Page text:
I’m sure you remember in high school there were those weird kids who were always drawing pictures or writing things on their shoes.  It might not shock you to know that I was one of those weird kids.  I wrote “Right” and “Left” on the toes on my Converse as well as writing quotes on the sides which were inspiring to my teenage brain.  That type of drawing and writing is a great example of something that makes shoes terrible for resale, not to mention making parents crazy.  A good example, on the other hand, can include something like hand painted art pieces, embroidery, shoes from a specific sports team, shoes that rep a t.v. show or cartoon, etc.

Now that we have the groundwork laid, let’s get to the real meat of the matter.  After all, the more brands you know, the more money you can make.  If you don’t know brands, it doesn’t necessarily mean you won’t find great things.  However, if you don’t know what you’re looking for, you will have to handle and look up almost every pair of shoes you find…meaning you’ll be slow and get passed up by every other seller in the store.  The more brands you know, the faster you’ll be, and the less likely you are to leave items behind.  So let’s do this!


Founded in 1905, Red Wing Shoes got their first big break as manufacturers of fine shoes by making most of the shoes for soldiers in the First World War.  They continued to refine their art by making fine leather shoes for soldiers in WWII, and their craftsmanship carries through to today.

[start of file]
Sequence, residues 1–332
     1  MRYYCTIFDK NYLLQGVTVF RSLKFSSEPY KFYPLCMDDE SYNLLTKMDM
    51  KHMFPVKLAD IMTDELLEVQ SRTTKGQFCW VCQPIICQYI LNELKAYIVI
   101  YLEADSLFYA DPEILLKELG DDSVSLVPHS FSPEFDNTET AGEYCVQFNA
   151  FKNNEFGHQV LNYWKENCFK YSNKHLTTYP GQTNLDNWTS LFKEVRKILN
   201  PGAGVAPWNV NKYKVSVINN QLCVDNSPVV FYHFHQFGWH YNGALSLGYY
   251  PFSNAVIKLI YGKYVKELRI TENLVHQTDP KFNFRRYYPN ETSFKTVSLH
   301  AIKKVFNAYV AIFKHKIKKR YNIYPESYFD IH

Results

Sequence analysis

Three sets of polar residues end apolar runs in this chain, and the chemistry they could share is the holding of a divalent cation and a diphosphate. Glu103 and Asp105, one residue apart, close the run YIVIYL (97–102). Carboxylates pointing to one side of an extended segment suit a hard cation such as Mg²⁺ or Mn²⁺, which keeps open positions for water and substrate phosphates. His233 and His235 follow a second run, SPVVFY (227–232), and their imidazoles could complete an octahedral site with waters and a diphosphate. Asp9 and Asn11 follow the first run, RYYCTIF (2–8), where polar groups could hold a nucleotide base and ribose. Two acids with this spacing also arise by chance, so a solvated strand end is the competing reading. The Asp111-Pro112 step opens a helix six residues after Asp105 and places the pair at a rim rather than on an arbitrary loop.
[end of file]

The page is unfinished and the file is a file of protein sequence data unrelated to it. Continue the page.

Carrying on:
What To Look For: Whenever we’re sourcing, we check all the men’s leather boots we see.  Leather boots (and dress shoes) have the most profit potential, especially in thrift stores.  Look for boots and work shoes.  New sells, old and distressed sells, pretty much anything is worth picking up if it’s priced well!

Quick Tips: Also keep an eye out for Worx (Red Wing’s work shoe line) and Irish Setter (typically hunting boots).


​Johnston & Murphy grew out of the William J. Dudley Shoes Company, founded in New Jersey in 1850.  William J. Dudley was a master craftsman who had been schooled in the classical art of english shoe making.  This strong influence is still found in Johnston & Murphy shoes today.

​What To Look For: Johnston & Murphy makes exclusively dress shoes and boots.  They have a distinctive style and you will learn the models as you see them – but the only real way to find them is by digging methodically through the racks.  Unlike some brands, you won’t have to scour the shoe to find the brand name.  Johnston & Murphy shoes always have the brand name on the inner heel.

Quick Tips:  Be sure to include the model name of the shoe you’re selling in the listing title.  People become loyal to distinct shoe lines and want the same ones every time.  Many shoes of this brand have leather soles than can crack over time.  Bend the shoe to look for cracks and be sure to check for heel wear.


Allen Edmonds is a U.S. based upscale designer with heavy influence from Italian Styles.  Vintage shoes in good condition are a hot seller here.  Distressed brogues are also great sellers, but be sure to check out the soles as they are particularly prone to wear.

​What To Look For:  Dress shoes of all types.  Leather brogues with distressed uppers but solid soles are very good sellers.

Quick Tips:  As with Johnston & Murphy shoes, Allen Edmonds have specific style names that you should include in your listing.  We keep a tin of neutral shoe polish on hand to clean up and smooth out dress shoes.  A 5 minute polish can easily add $20 on to your asking price.  Also, for dress shoes such as these, invest in a quality pair of shoe forms for taking pictures (just be sure to mention that they aren’t included).